Three dimensional cell reconstructions for morphological analysis and modelling

Ratcliffe, Jonathan Albert (2011) Three dimensional cell reconstructions for morphological analysis and modelling. PhD thesis, University of Nottingham.

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It is highly desirable to devise a systematic approach to predict cell – material interactions, especially for novel biomaterial surfaces, and to further understanding in the complex area of attachment and spreading. The aim of this research was to produce a new method of studying morphology in real time, whereby data from live spreading cells can be collected for mathematical modelling. There is an abundance of models for sub-cellular elements, however, there are few calibrated models of whole cells; in particular, three-dimensional models predicting attachment, spreading and cell morphology have yet to be produced.

Live HOS cells were imaged using LavaCell membrane stain and CLSM every 5 min for a period of 75 min in this study, capturing sufficient detail to produce three dimensional representations of cells during initial attachment and spreading. In order for the contact line to be measured, the interface between the cell membrane and the substrate had to be imaged in sufficient resolution for accurate measurements of the angles to be made.

An image processing algorithm developed using Matlab was able to detect the edge of cells in the CLSM z-stack optical sections. These were then used to create contour plots onto which a surface representing the cell membrane could be added. These reconstructions of cells can be easily manipulated to enable the dynamic contact line of attaching cells to be measured for a model based on two-phase poroviscous flow equations. The three dimensional representations not only showed the changing morphology of spreading cells, but gave data on contact radius and area, contact angle and cell height.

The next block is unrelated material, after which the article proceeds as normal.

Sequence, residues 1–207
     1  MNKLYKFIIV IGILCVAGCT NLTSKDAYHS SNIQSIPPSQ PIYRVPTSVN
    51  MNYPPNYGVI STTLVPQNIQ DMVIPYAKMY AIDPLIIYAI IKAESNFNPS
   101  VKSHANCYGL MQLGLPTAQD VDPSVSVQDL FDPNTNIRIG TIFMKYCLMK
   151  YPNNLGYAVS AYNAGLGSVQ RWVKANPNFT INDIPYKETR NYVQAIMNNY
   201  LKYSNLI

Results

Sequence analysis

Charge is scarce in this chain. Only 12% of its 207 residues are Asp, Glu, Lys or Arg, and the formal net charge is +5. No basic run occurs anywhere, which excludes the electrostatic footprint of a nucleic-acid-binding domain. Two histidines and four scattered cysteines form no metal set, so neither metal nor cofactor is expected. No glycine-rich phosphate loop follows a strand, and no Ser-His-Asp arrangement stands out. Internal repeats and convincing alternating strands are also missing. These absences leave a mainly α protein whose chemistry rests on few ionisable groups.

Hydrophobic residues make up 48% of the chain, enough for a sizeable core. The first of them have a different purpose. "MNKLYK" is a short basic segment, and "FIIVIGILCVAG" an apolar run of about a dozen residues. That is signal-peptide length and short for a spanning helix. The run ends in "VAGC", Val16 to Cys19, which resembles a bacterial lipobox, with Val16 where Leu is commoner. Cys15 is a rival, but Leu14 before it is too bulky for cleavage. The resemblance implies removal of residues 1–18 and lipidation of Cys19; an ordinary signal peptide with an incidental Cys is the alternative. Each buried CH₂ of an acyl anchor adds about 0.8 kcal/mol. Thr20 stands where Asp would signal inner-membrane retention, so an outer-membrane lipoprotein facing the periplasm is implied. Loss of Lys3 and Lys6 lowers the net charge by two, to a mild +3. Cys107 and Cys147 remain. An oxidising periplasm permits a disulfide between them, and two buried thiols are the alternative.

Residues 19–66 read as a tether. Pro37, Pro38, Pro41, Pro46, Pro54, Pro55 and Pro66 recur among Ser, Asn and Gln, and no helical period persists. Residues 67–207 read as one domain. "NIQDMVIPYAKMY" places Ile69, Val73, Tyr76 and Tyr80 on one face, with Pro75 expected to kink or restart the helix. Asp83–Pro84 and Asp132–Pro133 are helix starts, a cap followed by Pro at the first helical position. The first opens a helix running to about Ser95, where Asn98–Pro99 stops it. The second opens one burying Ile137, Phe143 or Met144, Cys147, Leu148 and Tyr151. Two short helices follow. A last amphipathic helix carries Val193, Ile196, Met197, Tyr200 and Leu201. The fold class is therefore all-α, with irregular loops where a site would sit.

The main modelling prediction is a near contact line law, which is given by;

Θ3 - Φ3 = 3 µ(n)ln(R/λ) (3nV - J(V,n,... ))


where Θ is the dynamic contact angle (which remains to be determined by experimental means as the cell is spreading), Φ is the static contact angle, n the network density at the contact-line, J is the mass transfer rate from G- to F-actin at contact line and V equals the outward normal velocity of contact line.

Once the method had been developed for glass surfaces, the influence on attachment and spreading of various material substrate and protein conditioning layers was investigated. This was achieved by using transparent thin film coated surfaces of titanium nitride and titanium oxide and pre-coating glass with fibronectin and albumin respectively. Three dimensional representations showed the ability to reproduce the different cell response to each surface and gave comparable morphologies to cells fixed for SEM and immunocytochemical staining.

Item Type: Thesis (University of Nottingham only) (PhD)
Supervisors: Grant, D.
Scotchford, C.A.
Keywords: Biomedical materials, cell adhesion
Subjects: T Technology > TP Chemical technology
Faculties/Schools: UK Campuses > Faculty of Engineering > Department of Mechanical, Materials and Manufacturing Engineering
Item ID: 28689
Depositing User: Airey, Ms Valerie
Date Deposited: 20 Apr 2015 10:39
Last Modified: 20 Dec 2017 16:51

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